Bull Market” vs “Bear Market” What’s The Difference?

Bull and Bear Market: Definition & Difference

The bear market definition is exactly the opposite of a bull market. It’s a market where quarter after quarter the market is moving down about 20 percent. That signals a bear market, and when that happens people start to get really scared about putting money into the stock market. Information provided on Forbes Advisor is for educational purposes only. Your financial situation is unique and the products and services we review may not be right for your circumstances. We do not offer financial advice, advisory or brokerage services, nor do we recommend or advise individuals or to buy or sell particular stocks or securities.

Bull and Bear Market: Definition & Difference

S&P 500, generally fall — but not necessarily by similar amounts. If you’re invested in a mix of relative winners and losers, it helps to minimize your portfolio’s overall losses. Inflation and interest rates — to judge when the economy is slowing. We believe Bull and Bear Market: Definition & Difference everyone should be able to make financial decisions with confidence. I also write a daily blog which is read by thousands nationwide from individuals to professionals at In other words, a place where today’s free lunches are paid for doubly tomorrow.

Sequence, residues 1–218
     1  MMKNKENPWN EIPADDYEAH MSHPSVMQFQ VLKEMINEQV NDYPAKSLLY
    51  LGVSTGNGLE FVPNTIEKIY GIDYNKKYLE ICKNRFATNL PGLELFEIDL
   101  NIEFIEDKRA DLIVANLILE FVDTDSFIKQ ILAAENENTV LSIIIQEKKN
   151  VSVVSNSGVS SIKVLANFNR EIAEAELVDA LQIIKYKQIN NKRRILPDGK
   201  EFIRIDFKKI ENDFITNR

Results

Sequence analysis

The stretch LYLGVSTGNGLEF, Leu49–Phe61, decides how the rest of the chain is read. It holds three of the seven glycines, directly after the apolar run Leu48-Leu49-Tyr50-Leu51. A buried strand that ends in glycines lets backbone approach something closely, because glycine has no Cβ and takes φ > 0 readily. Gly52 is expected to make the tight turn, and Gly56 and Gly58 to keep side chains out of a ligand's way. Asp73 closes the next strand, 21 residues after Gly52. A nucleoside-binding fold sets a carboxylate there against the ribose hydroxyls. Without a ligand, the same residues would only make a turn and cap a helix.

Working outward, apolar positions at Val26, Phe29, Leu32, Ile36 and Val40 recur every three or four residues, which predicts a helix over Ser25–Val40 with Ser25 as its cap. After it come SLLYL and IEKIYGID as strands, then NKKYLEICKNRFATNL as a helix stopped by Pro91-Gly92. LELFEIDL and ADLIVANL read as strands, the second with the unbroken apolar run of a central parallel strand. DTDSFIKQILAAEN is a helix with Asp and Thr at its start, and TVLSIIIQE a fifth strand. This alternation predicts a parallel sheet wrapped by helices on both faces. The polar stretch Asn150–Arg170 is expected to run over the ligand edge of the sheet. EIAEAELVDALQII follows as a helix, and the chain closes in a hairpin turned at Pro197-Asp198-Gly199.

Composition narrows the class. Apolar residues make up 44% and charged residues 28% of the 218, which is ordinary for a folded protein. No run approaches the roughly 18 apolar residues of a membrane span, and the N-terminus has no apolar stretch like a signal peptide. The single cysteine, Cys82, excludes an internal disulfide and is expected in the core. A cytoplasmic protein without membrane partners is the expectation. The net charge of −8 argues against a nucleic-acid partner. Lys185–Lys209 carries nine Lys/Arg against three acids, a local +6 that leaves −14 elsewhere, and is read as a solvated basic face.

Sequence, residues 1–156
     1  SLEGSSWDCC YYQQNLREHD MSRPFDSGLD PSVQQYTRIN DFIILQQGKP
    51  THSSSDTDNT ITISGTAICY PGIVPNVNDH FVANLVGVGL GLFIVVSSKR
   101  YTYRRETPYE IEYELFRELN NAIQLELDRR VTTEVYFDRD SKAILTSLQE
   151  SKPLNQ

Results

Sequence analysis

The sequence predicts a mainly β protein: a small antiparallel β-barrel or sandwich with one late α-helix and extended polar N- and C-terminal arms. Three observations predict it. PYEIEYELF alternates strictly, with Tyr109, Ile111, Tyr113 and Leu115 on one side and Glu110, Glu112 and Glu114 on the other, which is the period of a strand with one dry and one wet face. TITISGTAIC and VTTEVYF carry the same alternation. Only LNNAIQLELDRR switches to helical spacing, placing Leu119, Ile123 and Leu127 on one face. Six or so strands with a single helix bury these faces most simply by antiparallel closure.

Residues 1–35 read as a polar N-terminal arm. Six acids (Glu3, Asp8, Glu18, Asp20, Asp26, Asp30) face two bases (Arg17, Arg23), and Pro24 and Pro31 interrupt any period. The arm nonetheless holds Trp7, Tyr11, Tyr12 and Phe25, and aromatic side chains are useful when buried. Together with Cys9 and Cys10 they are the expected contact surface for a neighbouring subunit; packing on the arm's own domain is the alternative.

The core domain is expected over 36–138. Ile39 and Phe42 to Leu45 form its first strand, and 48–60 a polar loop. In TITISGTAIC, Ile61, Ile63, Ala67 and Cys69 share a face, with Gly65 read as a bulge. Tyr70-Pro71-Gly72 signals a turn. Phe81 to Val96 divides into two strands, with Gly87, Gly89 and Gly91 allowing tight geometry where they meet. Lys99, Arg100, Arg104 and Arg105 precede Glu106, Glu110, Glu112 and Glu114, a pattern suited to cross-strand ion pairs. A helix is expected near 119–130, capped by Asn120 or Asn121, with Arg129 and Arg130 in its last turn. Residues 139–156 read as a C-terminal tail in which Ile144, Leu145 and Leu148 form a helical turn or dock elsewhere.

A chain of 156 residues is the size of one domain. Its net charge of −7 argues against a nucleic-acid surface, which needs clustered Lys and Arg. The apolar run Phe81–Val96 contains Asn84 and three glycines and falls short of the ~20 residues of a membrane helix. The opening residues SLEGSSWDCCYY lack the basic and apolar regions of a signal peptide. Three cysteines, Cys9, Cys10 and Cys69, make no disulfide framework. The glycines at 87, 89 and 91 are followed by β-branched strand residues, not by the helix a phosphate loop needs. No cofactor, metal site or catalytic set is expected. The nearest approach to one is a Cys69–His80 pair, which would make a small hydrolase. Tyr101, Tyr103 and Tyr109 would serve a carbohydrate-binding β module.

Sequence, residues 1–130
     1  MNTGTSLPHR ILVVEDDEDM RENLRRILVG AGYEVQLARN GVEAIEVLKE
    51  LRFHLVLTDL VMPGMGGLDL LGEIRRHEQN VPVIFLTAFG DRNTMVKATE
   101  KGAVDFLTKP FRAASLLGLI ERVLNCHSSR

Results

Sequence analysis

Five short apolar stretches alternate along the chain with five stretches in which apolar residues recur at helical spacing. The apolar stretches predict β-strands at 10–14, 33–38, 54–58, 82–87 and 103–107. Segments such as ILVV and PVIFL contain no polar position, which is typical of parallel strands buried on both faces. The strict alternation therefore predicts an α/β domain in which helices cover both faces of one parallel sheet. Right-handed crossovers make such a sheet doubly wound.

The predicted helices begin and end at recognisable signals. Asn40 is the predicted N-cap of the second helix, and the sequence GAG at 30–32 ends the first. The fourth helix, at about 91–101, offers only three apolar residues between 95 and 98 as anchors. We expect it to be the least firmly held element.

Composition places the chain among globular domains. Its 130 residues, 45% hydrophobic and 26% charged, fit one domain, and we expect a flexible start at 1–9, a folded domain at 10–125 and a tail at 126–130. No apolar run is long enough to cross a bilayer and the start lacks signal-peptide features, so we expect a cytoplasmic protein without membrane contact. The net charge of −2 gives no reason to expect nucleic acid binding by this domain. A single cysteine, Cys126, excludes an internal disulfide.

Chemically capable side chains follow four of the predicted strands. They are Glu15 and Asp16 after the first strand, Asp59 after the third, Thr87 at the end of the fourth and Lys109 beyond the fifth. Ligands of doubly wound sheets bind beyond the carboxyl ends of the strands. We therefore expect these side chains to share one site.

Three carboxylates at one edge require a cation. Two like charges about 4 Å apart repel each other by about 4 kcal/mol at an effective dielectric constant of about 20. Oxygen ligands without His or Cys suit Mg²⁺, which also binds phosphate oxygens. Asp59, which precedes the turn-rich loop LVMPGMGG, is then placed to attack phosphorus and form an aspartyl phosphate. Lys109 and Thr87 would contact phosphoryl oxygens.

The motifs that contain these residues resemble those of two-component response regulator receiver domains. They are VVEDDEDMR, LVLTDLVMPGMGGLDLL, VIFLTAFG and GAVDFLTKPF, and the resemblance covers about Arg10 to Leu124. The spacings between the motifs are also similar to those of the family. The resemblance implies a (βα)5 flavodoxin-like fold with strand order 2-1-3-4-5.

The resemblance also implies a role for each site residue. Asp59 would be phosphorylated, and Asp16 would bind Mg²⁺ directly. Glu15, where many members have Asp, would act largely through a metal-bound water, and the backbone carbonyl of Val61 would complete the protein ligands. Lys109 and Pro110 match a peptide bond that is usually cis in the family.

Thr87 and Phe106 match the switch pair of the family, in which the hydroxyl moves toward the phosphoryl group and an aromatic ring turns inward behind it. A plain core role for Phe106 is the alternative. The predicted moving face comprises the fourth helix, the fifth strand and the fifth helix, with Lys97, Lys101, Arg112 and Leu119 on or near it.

Growth in corporate earnings

A few extreme examples of bear markets are the Great Recession around the 2008 financial crisis and the Great Depression, which roughly began with the stock market crash of 1929. In contrast, the post-World War II economic boom is considered an example of a bull market.

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Bonds also are an attractive investment during shaky periods in the stock market because their prices often move in the opposite direction of stock prices. The investing information provided on this page is for educational purposes only.

Investor Psychology